Google Laying More APAC Cable, Connecting Japan, Guam, and Australia

Alphabet's added fiber capacity will benefit not only Google Cloud Platform, but YouTube and other Google properties as well.

Christine Hall

April 4, 2018

2 Min Read
google data center network room council bluffs
Network room at a Google data center in Council Bluffs, IowaAlphabet/Google

When Azure announced on Monday that it had opened two new Availability Zones in Australia, it was quick to point out that no other global public cloud was offering more than a single location in the land down under. That doesn't mean other cloud providers don't have an eye on the land of Oz, however. After banking hours on Tuesday, Google announced it's bringing more undersea fiber to both Australia and Japan with an investment in the Japan-Guam-Australia (JGA) Cable System.

The system, which will link Australia and Japan by way of Guam, is only one of many undersea fiber projects underway in the Asia Pacific region in which Google has invested.

  • Expected to go online this summer is the Pacific Light Cable Network (PLCN), a joint effort that includes Facebook and China Soft Power Technology Holdings subsidiary Pacific Light Data Communication. When completed, the project will link Los Angeles and Hong Kong. It will also be super fast, with a speed of 120 terabits per second, besting the current record holder, Faster, another trans-Pacific cable with Google involvement that links Oregon with Japan and Taiwan. Faster came online in 2016.

  • Debuting in 2019 will be the HK-G cable, which will link Hong Kong with Guam. Google is working with RTI-C and NEC on this project.

  • Also expected to be completed in 2019 is INDIGO, which will connect Singapore, Indonesia, and Australia. Google is partnering with AARNet, Indosat Ooredoo, Singtel, SubPartners, and Telstra on this system, which is actually two distinct projects. Indigo West will connect Singapore to Perth via Jakarta, with Indigo Central connecting Perth to Sydney.


In a statement about JGA, Google said, "This new addition to the Google submarine network family, combined with investments in the Indigo, HK-G and SJC subsea cables, will give GCP users access to scalable, diverse capacity on the lowest latency routes via a constellation of cables forming a ring between the key markets of Hong Kong, Australia, and Singapore. Our investment in these cables builds on our other APAC cable systems, namely Unity, Faster and PLCN, interconnecting the United States with Japan, Taiwan and Hong Kong."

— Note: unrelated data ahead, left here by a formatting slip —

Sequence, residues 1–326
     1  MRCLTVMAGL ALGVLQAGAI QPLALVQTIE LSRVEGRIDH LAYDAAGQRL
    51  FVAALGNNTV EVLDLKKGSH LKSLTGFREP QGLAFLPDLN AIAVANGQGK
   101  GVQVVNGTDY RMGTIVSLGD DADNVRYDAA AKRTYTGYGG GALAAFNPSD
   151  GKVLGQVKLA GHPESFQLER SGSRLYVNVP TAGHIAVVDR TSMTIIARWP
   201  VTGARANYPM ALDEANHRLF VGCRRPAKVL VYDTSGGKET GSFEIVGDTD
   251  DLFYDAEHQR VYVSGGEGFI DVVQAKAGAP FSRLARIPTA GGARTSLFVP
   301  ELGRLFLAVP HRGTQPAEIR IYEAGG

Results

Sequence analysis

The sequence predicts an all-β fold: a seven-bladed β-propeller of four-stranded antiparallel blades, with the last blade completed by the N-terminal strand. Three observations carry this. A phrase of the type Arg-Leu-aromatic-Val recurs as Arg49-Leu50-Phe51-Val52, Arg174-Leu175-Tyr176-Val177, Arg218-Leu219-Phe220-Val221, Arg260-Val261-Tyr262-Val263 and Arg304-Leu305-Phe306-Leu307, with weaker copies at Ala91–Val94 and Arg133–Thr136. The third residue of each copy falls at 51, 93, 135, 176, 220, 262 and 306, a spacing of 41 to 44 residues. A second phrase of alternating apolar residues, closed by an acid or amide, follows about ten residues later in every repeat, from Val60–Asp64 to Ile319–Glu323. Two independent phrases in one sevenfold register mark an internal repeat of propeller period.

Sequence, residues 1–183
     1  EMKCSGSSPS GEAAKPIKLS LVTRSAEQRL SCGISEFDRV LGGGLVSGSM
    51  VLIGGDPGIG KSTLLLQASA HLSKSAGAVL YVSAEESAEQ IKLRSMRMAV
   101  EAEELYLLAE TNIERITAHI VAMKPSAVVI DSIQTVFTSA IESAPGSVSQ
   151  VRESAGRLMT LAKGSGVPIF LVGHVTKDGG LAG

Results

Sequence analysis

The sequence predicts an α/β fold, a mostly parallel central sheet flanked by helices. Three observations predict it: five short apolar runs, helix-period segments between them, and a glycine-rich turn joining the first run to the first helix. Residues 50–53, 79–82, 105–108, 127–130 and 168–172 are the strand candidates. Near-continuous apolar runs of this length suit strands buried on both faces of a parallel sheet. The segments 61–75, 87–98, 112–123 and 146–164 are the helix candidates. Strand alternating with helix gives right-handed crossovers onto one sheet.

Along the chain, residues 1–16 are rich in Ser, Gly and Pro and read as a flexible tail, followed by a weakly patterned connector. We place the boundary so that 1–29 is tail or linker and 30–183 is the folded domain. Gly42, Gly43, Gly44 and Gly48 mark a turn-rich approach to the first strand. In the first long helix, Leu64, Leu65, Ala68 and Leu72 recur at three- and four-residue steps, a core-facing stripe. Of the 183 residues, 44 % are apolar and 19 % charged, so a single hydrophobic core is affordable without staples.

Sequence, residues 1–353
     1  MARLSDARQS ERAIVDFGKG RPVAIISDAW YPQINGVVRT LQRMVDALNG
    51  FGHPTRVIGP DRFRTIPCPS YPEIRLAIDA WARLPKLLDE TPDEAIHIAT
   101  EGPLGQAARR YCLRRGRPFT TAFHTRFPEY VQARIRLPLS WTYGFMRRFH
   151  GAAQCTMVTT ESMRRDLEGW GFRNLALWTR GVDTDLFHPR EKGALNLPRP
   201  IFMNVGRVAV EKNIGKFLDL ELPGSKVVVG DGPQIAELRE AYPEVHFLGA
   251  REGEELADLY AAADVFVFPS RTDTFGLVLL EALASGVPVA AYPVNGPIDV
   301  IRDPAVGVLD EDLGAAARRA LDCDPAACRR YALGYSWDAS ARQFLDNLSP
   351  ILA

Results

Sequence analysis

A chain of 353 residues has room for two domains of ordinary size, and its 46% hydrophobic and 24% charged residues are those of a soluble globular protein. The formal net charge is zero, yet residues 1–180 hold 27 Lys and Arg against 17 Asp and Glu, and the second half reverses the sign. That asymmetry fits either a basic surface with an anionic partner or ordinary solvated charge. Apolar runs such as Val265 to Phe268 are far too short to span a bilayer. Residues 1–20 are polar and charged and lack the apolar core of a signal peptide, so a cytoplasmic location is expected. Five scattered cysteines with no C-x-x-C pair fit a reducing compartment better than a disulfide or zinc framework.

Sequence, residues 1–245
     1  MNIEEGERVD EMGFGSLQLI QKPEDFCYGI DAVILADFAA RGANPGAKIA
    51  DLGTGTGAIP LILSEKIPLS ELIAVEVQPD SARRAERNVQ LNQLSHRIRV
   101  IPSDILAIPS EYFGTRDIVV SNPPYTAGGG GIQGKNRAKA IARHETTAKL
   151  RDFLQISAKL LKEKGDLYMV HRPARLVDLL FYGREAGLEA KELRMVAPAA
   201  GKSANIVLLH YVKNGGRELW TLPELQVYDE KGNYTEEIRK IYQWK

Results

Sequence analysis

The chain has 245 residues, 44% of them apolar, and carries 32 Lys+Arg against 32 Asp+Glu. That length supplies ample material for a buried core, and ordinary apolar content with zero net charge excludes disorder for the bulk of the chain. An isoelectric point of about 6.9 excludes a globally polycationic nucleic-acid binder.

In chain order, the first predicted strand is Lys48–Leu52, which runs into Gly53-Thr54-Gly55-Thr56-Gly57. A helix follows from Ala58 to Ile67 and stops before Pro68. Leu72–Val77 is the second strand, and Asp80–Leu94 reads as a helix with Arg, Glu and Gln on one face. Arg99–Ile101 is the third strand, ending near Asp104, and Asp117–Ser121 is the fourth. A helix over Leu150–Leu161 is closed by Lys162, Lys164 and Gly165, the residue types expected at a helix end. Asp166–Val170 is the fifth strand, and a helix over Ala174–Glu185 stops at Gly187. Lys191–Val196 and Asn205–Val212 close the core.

JGA will have two fiber pairs connecting Japan to Guam and two pairs connecting Guam to Sydney, stretching a combined distance of nearly 6,000 miles. The project is being co-built by NEC and Alcatel Submarine Networks. Similar to INDIGO, it's being built in two segments. The JGA-South segment is being developed by a consortium of AARnet, Google, and RTI-C, while the JGA-North segment is a private cable being developed by RTI-C.

"Taken together, these cable investments provide improved connectivity to GCP’s five cloud regions across Asia and Australia (with more on the way), so that companies using GCP can serve their customers no matter where they are," Google added. "Whether we’re delivering directions to Maps users, videos to YouTube viewers, or GCP services to businesses, we know a fast and reliable infrastructure makes all the difference."

About the Author(s)

Christine Hall

Freelance author

Christine Hall has been a journalist since 1971. In 2001 she began writing a weekly consumer computer column and began covering IT full time in 2002, focusing on Linux and open source software. Since 2010 she's published and edited the website FOSS Force. Follow her on Twitter: @BrideOfLinux.

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